on the interval [-1, 1] .   The graph over the Interval [-1, 1] looks like

> sp := plot(f(x),x=-1..1, color=blue): sp;

[Plot]

>

and the graph over several periods looks like

> bp:=display([plot(f(x+4), x=-5..-3, color=blue, discont=true), plot(f(x+2), x=-3..-1, color=blue, discont=true), plot(f(x), x=-1..1, color=blue, discont=true), plot(f(x-2), x=1..3, color=blue, discont=true), plot(f(x-4), x=3..5, color=blue, discont=true)]): bp;

[Plot]

>

Next, we evaluate the Fourier coefficients.

> a[0]:= Int(f(x),x=-1..1)/2;

a[0] := 1/2*Int(x+1, x = (-1 .. 1))

> a[0]:=value(a[0]);

a[0] := 1

> a[m]:=Int(f(x)*cos(m*Pi*x),x=-1..1);

a[m] := Int((x+1)*cos(m*Pi*x), x = (-1 .. 1))

> a[m] := value(a[m]);

a[m] := 0

Can you explain that?

> b[m] := Int(f(x)*sin(m*Pi*x),x=-1..1);

b[m] := Int((x+1)*sin(m*Pi*x), x = (-1 .. 1))

> b[m]:=value(b[m]);

b[m] := 2*(-1)^(1+m)/(m*Pi)

> b := unapply(b[m],m);

b := proc (m) options operator, arrow; 2*(-1)^(m+1)/(m*Pi) end proc

> S := n -> a[0] + add(b(k)*sin(k*Pi*x),k=1..n);

S := proc (n) options operator, arrow; a[0]+add(b(k)*sin(k*Pi*x), k = (1 .. n)) end proc

> S(10);

1+2*sin(Pi*x)/Pi-sin(2*Pi*x)/Pi+2/3*sin(3*Pi*x)/Pi-1/2*sin(4*Pi*x)/Pi+2/5*sin(5*Pi*x)/Pi-1/3*sin(6*Pi*x)/Pi+2/7*sin(7*Pi*x)/Pi-1/4*sin(8*Pi*x)/Pi+2/9*sin(9*Pi*x)/Pi-1/5*sin(10*Pi*x)/Pi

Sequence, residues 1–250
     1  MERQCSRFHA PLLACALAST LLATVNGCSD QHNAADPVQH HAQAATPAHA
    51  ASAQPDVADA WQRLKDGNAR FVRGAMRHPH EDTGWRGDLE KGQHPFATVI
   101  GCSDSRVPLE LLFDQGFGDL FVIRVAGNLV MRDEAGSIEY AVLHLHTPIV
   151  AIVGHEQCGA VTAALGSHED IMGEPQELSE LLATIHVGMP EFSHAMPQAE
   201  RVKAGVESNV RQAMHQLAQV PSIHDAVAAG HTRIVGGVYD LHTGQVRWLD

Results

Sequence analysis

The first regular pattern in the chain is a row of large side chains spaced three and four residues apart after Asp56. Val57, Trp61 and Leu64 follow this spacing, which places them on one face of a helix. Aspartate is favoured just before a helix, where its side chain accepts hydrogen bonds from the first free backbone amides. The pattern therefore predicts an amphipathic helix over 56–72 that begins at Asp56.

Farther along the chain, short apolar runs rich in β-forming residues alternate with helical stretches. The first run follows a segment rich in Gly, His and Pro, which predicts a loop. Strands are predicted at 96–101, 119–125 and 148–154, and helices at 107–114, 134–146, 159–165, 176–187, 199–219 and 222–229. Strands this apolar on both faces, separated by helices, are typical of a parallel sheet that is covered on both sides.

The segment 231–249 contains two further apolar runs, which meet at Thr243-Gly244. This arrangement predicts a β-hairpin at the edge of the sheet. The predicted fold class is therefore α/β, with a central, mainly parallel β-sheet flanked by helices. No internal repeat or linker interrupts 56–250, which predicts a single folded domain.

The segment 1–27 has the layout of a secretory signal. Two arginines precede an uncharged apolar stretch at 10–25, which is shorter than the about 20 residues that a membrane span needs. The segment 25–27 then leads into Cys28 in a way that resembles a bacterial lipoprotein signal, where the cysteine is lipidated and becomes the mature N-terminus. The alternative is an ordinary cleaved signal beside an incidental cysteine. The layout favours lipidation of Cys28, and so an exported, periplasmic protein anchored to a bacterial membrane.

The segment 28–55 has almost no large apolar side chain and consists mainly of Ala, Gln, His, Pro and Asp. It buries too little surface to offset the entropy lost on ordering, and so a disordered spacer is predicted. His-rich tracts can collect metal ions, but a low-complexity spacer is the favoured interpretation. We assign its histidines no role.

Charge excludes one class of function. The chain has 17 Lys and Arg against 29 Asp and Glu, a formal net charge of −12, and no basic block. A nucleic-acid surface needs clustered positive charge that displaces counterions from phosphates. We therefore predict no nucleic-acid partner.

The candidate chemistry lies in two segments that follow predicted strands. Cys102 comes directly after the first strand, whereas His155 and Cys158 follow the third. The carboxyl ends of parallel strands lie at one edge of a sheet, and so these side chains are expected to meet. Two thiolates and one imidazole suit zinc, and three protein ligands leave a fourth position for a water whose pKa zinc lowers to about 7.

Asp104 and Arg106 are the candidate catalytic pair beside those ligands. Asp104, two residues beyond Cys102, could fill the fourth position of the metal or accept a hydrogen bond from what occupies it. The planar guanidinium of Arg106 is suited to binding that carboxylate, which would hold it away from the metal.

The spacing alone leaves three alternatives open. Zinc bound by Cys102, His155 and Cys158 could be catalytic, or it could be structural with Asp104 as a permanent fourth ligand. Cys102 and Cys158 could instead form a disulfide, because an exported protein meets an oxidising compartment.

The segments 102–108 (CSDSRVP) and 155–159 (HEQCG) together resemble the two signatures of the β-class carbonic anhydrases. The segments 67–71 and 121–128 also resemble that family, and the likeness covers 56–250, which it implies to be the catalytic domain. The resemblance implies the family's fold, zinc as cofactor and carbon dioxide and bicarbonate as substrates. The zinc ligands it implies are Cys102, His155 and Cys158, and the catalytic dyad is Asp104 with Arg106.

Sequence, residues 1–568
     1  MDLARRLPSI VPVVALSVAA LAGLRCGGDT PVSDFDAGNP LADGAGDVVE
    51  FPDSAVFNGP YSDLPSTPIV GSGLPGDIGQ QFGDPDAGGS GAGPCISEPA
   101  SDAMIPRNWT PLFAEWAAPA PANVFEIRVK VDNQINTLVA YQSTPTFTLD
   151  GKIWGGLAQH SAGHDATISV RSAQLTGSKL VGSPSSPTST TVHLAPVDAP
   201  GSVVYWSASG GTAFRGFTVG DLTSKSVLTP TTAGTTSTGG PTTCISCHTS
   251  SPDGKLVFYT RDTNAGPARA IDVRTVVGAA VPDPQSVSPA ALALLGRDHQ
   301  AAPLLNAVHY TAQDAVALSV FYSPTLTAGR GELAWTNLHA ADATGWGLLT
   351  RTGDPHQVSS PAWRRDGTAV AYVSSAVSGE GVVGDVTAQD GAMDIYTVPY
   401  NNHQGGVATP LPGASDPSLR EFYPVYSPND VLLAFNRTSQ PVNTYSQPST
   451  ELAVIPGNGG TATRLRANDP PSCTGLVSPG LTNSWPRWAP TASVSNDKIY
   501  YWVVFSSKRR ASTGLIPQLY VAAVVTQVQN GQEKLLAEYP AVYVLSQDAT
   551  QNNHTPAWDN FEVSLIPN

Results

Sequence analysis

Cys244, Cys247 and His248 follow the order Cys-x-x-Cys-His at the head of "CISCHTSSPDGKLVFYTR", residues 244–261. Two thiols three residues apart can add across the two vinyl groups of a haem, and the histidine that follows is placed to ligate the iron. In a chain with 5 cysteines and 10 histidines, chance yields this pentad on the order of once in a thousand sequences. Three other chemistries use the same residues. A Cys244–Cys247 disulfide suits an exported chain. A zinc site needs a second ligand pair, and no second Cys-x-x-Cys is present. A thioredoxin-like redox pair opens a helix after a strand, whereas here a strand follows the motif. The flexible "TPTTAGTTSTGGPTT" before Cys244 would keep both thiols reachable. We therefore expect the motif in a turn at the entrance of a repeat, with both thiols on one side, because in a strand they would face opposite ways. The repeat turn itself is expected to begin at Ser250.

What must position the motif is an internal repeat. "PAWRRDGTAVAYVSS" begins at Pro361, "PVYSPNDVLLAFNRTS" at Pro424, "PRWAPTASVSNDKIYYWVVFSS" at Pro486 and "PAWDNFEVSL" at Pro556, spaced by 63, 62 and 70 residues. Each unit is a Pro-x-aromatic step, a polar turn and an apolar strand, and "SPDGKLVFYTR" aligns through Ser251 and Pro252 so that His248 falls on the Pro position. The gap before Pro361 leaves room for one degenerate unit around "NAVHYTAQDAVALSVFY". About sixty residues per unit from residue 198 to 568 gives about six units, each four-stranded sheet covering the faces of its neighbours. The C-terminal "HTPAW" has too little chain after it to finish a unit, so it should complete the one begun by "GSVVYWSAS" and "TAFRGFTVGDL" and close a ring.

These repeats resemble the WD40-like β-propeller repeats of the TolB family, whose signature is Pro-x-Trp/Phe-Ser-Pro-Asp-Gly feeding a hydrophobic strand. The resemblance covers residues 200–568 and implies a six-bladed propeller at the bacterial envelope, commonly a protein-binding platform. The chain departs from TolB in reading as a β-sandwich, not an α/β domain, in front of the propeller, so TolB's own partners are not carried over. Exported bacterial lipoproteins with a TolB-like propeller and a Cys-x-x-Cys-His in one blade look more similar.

>

Here's the animation on the interval [-1, 1]

> for n from 0 to maxn do pl[n]:= display([sp,plot(S(n), x=-1..1, title=cat("n = ", convert(n,string)))]); od:
display([seq(pl[n],n=0..maxn)], insequence=true);

[Plot]

>

and here is the animation over several periods

> for n from 0 to maxn do pl2[n]:= display([bp,plot(S(n), x=-5..5,numpoints=200, title=cat("n = ", convert(n,string)))]); od:
display([seq(pl2[n],n=0..maxn)], insequence=true);


[Plot]

>

Example 3

Next, let's consider the triangular wave of period 2, specified by

> f := x -> piecewise(x<0,x+1,1-x); 'f(x)'=f(x);

f := proc (x) options operator, arrow; piecewise(x < 0, x+1, 1-x) end proc

f(x) = PIECEWISE([x+1, x < 0], [1-x, otherwise])

on the interval [-1.1].   The graph over [-1,1] looks like

> sp := plot(f(x),x=-1..1, color=blue): sp;

[Plot]

and the graph over several periods looks like this.

> bp:=display([plot(f(x+4), x=-5..-3, color=blue, discont=true), plot(f(x+2), x=-3..-1, color=blue, discont=true), plot(f(x), x=-1..1, color=blue, discont=true), plot(f(x-2), x=1..3, color=blue, discont=true), plot(f(x-4), x=3..5, color=blue, discont=true)]): bp;

[Plot]

> a[0]:=Int(x+1, x=-1..0)/2 + Int(1-x,x=0..1)/2;

a[0] := 1/2*Int(x+1, x = (-1 .. 0))+1/2*Int(1-x, x = (0 .. 1))

> a[0]:=value(a[0]);

a[0] := 1/2

> a[m] := Int((x+1)*cos(m*Pi*x),x=-1..0)+Int((1-x)*cos(m*Pi*x),x=0..1);

a[m] := Int((x+1)*cos(m*Pi*x), x = (-1 .. 0))+Int((1-x)*cos(m*Pi*x), x = (0 .. 1))

> a[m]:=value(a[m]);

a[m] := -2*((-1)^m-1)/(m^2*Pi^2)

> a := unapply(a[m],m);

a := proc (m) options operator, arrow; -2*((-1)^m-1)/(m^2*Pi^2) end proc

> b[m]:= Int((x+1)*sin(m*Pi*x),x=-1..0)+Int((1-x)*sin(m*Pi*x),x=0..1);

b[m] := Int((x+1)*sin(m*Pi*x), x = (-1 .. 0))+Int((1-x)*sin(m*Pi*x), x = (0 .. 1))

> b[m]:=value(b[m]);

b[m] := 0

Can you explain that?

> S := n -> 1/2+add(a(k)*cos(k*Pi*x),k=1..n);